When those whose heritage is rooted deep in the Western performance horse world remember Miss N Cash, who died of a heart attack in early August, they recall a quick and powerful horse that changed the industry. He was the brainchild of Oxbow Ranch’s Dan Lufkin and B.F. Phillips, who came together in a partnership to breed the 1983 stallion. Lufkin wanted to reintroduce running blood into cow horses with 1978 National Reined Cow Horse Association (NRCHA) Snaffle Bit Futurity Open Champion Doc N Missy (by Doc Bar), and he found just the speed he needed in Phillips’ legendary stallion Dash For Cash.
High Brow Cat, already recognized as the world’s leading American Quarter Horse performance horse sire, has reached another milestone. The 27-year-old stallion has sired earners of more than $70 million in National Cutting Horse Association (NCHA), National Reined Cow Horse Association (NRCHA), American Quarter Horse Association (AQHA) and American Paint Horse Association (APHA) competition.
Phil Rapp is now the $9 million man. Cutting’s all-time leading rider reached a new milestone at the American Quarter Horse Association (AQHA) World Show in Oklahoma City. With two horses in the Nov. 6 Senior Cutting finals, Rapp’s earnings were pushed past the $9 million mark, according to the National Cutting Horse Association (NCHA).
As the National Cutting Horse Association (NCHA) strives to preserve its history and heritage through the NCHA Foundation, the organization debuted its Legacy Series on Friday, Oct. 16, in Fort Worth, Texas. Held in the renowned Will Rogers Memorial Coliseum, the event featured storytelling from the legendary Buster Welch and other guests who walked the audience through the history of cutting.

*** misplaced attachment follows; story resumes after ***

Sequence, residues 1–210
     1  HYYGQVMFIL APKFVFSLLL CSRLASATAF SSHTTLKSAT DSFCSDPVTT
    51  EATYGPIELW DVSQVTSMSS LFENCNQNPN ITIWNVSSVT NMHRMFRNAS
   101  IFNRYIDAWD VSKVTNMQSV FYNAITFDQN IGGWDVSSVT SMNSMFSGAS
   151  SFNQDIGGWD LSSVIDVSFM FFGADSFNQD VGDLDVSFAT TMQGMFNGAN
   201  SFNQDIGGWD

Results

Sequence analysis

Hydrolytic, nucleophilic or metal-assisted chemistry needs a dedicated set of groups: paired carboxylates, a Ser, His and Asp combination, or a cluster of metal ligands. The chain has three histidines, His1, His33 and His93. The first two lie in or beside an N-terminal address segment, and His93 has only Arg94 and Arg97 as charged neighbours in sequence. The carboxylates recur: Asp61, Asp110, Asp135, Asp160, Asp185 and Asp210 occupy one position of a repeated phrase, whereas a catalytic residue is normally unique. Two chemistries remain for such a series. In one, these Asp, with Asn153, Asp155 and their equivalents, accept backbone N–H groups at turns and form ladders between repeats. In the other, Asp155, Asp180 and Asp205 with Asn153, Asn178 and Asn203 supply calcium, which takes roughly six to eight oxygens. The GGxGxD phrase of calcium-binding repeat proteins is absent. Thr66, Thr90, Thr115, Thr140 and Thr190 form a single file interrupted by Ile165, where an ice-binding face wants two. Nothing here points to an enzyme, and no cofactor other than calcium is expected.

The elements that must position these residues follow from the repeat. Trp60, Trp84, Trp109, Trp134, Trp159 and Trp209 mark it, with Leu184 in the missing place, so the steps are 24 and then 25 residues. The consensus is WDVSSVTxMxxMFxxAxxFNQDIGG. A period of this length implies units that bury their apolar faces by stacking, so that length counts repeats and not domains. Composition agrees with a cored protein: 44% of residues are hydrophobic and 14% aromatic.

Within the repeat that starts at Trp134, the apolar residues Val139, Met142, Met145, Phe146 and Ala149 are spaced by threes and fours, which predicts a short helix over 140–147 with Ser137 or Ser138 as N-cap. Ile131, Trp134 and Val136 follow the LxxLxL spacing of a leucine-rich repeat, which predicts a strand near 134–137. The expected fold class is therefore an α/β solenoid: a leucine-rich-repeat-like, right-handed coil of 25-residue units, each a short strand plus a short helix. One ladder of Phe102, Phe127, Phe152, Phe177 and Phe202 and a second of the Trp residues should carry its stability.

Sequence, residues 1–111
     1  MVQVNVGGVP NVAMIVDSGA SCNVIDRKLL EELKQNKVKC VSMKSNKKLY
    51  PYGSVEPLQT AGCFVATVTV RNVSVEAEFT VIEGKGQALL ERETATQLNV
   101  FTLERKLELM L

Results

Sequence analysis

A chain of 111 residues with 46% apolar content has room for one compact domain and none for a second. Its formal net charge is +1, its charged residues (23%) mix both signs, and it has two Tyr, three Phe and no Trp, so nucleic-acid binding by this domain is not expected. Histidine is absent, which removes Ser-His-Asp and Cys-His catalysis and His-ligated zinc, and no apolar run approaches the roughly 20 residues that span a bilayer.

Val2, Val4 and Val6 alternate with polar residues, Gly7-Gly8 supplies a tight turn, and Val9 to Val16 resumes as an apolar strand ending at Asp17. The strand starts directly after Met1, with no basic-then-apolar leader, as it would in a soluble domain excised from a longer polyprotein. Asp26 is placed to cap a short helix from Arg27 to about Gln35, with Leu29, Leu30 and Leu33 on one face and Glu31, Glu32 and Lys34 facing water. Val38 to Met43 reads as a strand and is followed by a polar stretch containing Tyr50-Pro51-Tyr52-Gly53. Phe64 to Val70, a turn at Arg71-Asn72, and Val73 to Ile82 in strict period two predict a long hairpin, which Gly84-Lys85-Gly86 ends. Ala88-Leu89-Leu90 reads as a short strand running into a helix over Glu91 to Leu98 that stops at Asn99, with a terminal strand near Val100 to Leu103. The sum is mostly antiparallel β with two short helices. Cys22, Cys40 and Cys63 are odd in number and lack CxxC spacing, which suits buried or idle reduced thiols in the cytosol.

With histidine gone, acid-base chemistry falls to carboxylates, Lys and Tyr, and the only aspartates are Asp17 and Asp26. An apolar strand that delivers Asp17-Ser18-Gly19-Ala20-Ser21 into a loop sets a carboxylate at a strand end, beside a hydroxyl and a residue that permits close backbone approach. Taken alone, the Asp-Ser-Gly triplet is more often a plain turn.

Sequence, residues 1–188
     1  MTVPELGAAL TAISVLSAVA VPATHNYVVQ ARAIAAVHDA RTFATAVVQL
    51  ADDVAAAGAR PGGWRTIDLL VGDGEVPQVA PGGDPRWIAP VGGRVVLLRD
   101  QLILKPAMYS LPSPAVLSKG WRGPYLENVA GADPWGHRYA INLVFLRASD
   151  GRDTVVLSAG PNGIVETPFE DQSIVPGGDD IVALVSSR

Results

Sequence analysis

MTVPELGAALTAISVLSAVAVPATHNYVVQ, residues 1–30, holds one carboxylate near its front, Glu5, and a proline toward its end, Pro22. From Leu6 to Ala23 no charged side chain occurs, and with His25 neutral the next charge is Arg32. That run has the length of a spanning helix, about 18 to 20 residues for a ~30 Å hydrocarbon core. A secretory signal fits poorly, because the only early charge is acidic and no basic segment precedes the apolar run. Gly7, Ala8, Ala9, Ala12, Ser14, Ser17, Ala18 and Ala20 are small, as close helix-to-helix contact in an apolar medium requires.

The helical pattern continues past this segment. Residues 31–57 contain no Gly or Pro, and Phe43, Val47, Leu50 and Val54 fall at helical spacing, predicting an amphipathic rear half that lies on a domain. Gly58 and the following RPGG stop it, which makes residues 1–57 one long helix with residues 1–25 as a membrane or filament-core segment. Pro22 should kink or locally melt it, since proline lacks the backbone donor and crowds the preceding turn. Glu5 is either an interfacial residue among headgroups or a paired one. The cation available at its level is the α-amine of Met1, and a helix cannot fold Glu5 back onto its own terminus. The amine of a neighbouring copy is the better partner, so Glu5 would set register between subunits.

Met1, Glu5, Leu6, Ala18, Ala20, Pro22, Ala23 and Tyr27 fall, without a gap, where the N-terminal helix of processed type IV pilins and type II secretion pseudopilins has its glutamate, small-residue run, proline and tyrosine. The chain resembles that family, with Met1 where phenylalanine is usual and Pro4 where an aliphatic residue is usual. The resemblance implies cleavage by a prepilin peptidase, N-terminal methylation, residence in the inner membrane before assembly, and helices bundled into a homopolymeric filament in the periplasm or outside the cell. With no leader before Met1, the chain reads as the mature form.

Bet Hesa Cat's first aged event champion was crowned at the American Cutting Horse Association (ACHA) Championships, held Sept. 17-20 in Belton, Texas. In the Futurity Open, Bet Sheza Cat, a homebred mare belonging to Randy Bright, of Kingsville, Texas, carried Mark Lavender to a 145 in both the first and second go-rounds and a 73 in the finals, which won the class and the mare’s first paycheck, worth $1,994.
Im Countin Checks certainly lived up to his name in the cutting pen, reaching a total of $514,757 in earnings by the end of 2008, when he posted his last check to Equi-Stat. His offspring have since mirrored his success in the performance arena, boosting him to Equi-Stat Elite $2 Million Sire status.
On Monday, Sept. 14, the cutting industry said goodbye to another legend when the great Tap O Lena was euthanized. The 25-year-old mare left behind an Equi-Stat record that reflects more than a half-million dollars and an offspring record of nearly $600,000.
Attendees at the Certified Horsemanship Association’s International Conference will get the chance to experience the sport of cutting on Friday, Oct. 23, thanks to the National Cutting Horse Association (NCHA). NCHA Region 7 Director Skip Jones, of Jones Quarter Horses in Amarillo, Texas, is coordinating with the CHA to provide four or five cutting horses CHA members will be able to work on a flag.